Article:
# Why AssociateTo does not work when Association is inside a list?

V 12.1 on windows 10.

I am still learning how to use Associations.

This is very strange. I wanted to change field in association using AssociateTo. When the association is inside a list, the replacement does not work. This is better shown with MWE

ClearAll[y, x];
ode1 = <|"ode" -> y[x] == 0, "y" -> y, "x" -> x|>;
ode2 = <|"ode" -> y[x] + x == 1, "y" -> y, "x" -> x|>;
sol  = {y[x] == 999, y[x] == -20};
ODEs = {ode1, ode2};  (*list of Associations *)


Now to replace field ode in ode1 by y[x] == 999, I did

AssociateTo[ ODEs[], "ode" -> sol[] ]


But this gives

 {<|"y" -> y, "x" -> x, "ode" -> y[x] == 999|>,
<|"ode" -> x + y[x] == 1, "y" -> y, "x" -> x|>}


Notice it returned not just the first part of the list, but it also returned back ODEs[] with it!

This causes big problems. (Example of big problem is given below if needed)

But when doing

 AssociateTo[ ode1, "ode" -> sol[]]


It works, and returns the expected change to the association

 <|"ode" -> y[x] == 999, "y" -> y, "x" -> x|>


But I want to do this change when the Associations are inside a list.

Question is: When does AssociateTo[ ODEs[], "ode" -> sol[] ] return all contents of the list and not just the part affected?

## Appendix

Example why the above behavior is causing a problem is this. MapThread fails now

 ClearAll[y,x];
ode1     = <|"ode" -> 5 == y[x], "y" -> y, "x" -> x|>;
ode2     = <|"ode" -> 5 == y[x] + x, "y" -> y, "x" -> x|>;
sol      = {y[x] == 19, y[x] == 29};  (*new values to update with *)
ODEs     = {ode1, ode2};  (*list of Associations *)

MapThread[ AssociateTo[#2, "ode" -> #1] &, {sol, ODEs}] And I think this error is related to the main question above.

I tried Evaluate, and looked at How does MapThread work with Associations and looked at AssociationThread but so far no solution I could see for the main question above.

I can for now work around this as follows

Last@Reap@Do[
tmp = ODEs[[n]];
Sow[ AssociateTo[tmp, "ode" -> sol[[n]]]]
,
{n, 1, Length[ODEs]}
]


Which gives what I want

 {<|"y" -> y, "x" -> x, "ode" -> y[x] == 999|>,
<|"ode" -> y[x] == -20,"y" -> y, "x" -> x|>}


References

https://reference.wolfram.com/language/ref/AssociateTo.html

https://reference.wolfram.com/language/ref/Association.html

### Preamble

I'll throw this out as another approach one could take. It perhaps goes a little beyond the OP's particular question, but I ran into the same problem some time ago. I came up with this approach as the easiest thing I could manage. I'm not an expert on Association/Dataset objects, so I present it only as the best thing I've come up with so far.

First, let me observe that the reason AssociateTo[] is HoldFirst is so that it can find a symbol representing an association to modify. (To me, this makes things awkward in Mathematica, but I am open to being shown that is a result of my lack of expertise.) Evidently, it will do some parsing of the first argument, which is not documented in the AssociateTo page.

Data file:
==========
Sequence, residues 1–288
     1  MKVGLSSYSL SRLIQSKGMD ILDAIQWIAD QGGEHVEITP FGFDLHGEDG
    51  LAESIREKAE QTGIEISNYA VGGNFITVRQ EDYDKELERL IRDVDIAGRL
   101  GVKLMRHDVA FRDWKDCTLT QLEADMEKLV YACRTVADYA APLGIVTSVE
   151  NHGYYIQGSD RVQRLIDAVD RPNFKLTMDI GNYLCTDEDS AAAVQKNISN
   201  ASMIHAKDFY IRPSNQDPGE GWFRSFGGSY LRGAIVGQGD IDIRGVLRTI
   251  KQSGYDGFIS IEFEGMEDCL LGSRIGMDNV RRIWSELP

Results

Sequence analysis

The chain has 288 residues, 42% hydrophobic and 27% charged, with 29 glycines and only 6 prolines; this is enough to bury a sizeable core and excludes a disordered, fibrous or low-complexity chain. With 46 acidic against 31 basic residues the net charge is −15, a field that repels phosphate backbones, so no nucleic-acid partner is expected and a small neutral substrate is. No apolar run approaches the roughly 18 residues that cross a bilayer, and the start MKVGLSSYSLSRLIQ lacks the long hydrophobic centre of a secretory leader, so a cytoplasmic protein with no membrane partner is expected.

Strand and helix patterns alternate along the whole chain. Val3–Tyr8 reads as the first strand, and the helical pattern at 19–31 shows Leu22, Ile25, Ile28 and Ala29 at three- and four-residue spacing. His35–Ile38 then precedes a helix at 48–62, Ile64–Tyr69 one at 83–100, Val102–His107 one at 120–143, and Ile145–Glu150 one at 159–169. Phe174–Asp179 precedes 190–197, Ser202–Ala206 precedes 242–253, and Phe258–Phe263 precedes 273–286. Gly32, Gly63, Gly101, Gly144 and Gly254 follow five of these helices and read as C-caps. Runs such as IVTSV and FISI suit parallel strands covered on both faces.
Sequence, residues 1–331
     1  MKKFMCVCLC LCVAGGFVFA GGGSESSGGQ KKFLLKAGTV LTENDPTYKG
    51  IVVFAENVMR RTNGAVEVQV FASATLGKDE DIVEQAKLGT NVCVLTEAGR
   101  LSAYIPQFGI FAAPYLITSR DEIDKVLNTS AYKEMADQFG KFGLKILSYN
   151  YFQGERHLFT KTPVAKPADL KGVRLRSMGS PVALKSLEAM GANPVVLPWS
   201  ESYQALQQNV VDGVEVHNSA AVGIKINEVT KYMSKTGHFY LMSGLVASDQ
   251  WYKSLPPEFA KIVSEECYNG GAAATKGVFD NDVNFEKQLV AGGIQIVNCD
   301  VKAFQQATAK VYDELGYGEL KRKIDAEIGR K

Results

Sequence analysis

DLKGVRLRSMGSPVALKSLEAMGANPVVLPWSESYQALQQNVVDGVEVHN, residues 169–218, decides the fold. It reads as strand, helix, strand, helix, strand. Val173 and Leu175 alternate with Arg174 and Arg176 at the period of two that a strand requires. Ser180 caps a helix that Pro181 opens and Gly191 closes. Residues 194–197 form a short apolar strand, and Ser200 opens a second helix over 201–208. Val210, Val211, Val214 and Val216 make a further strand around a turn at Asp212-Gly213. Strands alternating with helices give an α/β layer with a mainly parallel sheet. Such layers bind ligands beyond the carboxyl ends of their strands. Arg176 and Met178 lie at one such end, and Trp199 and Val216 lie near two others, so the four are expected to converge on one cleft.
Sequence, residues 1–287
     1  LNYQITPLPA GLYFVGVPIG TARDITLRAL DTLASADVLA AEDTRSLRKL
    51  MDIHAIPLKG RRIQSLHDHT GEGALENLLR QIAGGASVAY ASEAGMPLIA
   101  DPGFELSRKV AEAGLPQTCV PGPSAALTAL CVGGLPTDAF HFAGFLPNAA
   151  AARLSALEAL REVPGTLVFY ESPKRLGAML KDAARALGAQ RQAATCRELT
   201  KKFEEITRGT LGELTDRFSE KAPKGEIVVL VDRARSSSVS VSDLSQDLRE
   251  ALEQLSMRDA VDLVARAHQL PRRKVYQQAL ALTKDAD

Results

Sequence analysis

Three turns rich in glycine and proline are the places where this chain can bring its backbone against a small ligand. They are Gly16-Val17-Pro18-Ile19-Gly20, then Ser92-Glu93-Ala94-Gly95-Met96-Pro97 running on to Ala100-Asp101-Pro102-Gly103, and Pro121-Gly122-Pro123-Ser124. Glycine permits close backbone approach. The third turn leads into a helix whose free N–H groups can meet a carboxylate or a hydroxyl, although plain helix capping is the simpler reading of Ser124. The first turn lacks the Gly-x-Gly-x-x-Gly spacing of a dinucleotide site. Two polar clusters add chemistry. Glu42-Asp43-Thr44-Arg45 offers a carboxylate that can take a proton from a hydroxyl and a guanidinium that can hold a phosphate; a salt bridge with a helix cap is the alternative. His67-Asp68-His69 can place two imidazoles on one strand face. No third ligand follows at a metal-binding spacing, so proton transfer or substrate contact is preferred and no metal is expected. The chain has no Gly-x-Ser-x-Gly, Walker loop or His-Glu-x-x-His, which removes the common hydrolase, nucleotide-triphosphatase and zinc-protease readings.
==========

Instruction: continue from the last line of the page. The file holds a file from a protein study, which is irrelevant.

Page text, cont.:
Further, I think a complete example would exhibit what happens to the source associations ode1 etc., namely that ODEs is changed but not ode1. This should make sense, since the references to ode1 and ode2 are lost in the definition of ODEs. However, I either read or misread the question to mean that the modification of ode1 and ode2 was desired, probably because that was the problem was trying to solve for myself.

AssociateTo[ODEs[], "ode" -> sol[]]
ODEs
ode1
(*
{<|"y" -> y, "x" -> x, "ode" -> y[x] == 999|>,
<|"ode" -> x + y[x] == 1, "y" -> y, "x" -> x|>}

{<|"y" -> y, "x" -> x, "ode" -> y[x] == 999|>,
<|"ode" -> x + y[x] == 1, "y" -> y, "x" -> x|>}

<|"ode" -> y[x] == 0, "y" -> y, "x" -> x|>
*)


### Alternative approach

The idea is to wrap the symbol reference to the association in a container that holds its arguments. This can then be used to define operations on the data structure. The form is diffEq[ode], where ode is a Symbol whose value is an Association consisting of the data for the differential equation. You can then use AssociateTo on ode, if you're careful not to let ode evaluate. Then you can define operations like this:

diffEq[ode_]["solution"] := DSolve[ode["ode"], ode["y"], ode["x"]];


There is a method for creating and updating a diffEq[] called setupDiffEq. One could argue that the method for updating should have its own name. Well, you can easily change it.

My data set could be quite large, since it might save things like the results of NDSolve. It was convenient to format it with a summary form, which I've included. I also threw in checkOpts[] to check to see if the rules are valid for our data structure based on some remarks in the comments.

ClearAll[diffEq];
SetAttributes[diffEq, HoldAll];
diffEq /: MakeBoxes[de : diffEq[asc_], form_] /; AssociationQ[asc] :=
Module[{above, below, ivars},
ivars = Lookup[asc, "independentVars", Automatic];
above = {{BoxFormSummaryItem[{Lookup[asc, "ode", None]}]}};
below = {};
BoxFormArrangeSummaryBox[diffEq, de, "ODE", above, below, form]];

(* Check that opts are Options of the symbol sym
*   Returns { status (T/F), filtered good opts } *)
ClearAll[checkOpts];
SetAttributes[checkOpts, HoldFirst];
checkOpts[code_, sym_Symbol, opts : OptionsPattern[]] :=
With[{oplist = Flatten@{opts}},
{False, FilterRules[oplist, Options@sym]}
,
{True, oplist}
]
]];

ClearAll[setupDiffEq];
(* Create a diffEq[] from rules *)
call : setupDiffEq[opts : OptionsPattern[]] := Module[{ode},
With[{opres = checkOpts[call, setupDiffEq, opts]},
( (* TBD: validate/process option values *)
ode = Association[Last@opres];
diffEq[ode]
) /; First@opres
]];
(* Change an existing diffEq[] *)
setupDiffEq::optx = "Unknown diffEq key 1 in 2.";
Options@setupDiffEq = {"ode", "y", "x"};
call : setupDiffEq[de : diffEq[asc_], opts : OptionsPattern[]] :=
With[{opres = checkOpts[call, setupDiffEq, opts]},
(AssociateTo[asc, Last@opres]
; de
) /; First@opres
];


Usage:

ode1data = <|"ode" -> y[x] == 0, "y" -> y, "x" -> x|>;
ode1 = diffEq[ode1data] Or with a Module-generated symbol.

ode1 = setupDiffEq["ode" -> y[x] == 0, "y" -> y, "x" -> x] setupDiffEq[ode1, "ic" -> y == 1]


setupDiffEq::optx: Unknown diffEq key ic->y==1 in setupDiffEq[diffEq[ODE y[x]==0],ic->y==1].

setupDiffEq[diffEq[ode1], "ic" -> y == 1]

setupDiffEq[ode1, "ode" -> y[x] == 999] ### OP's example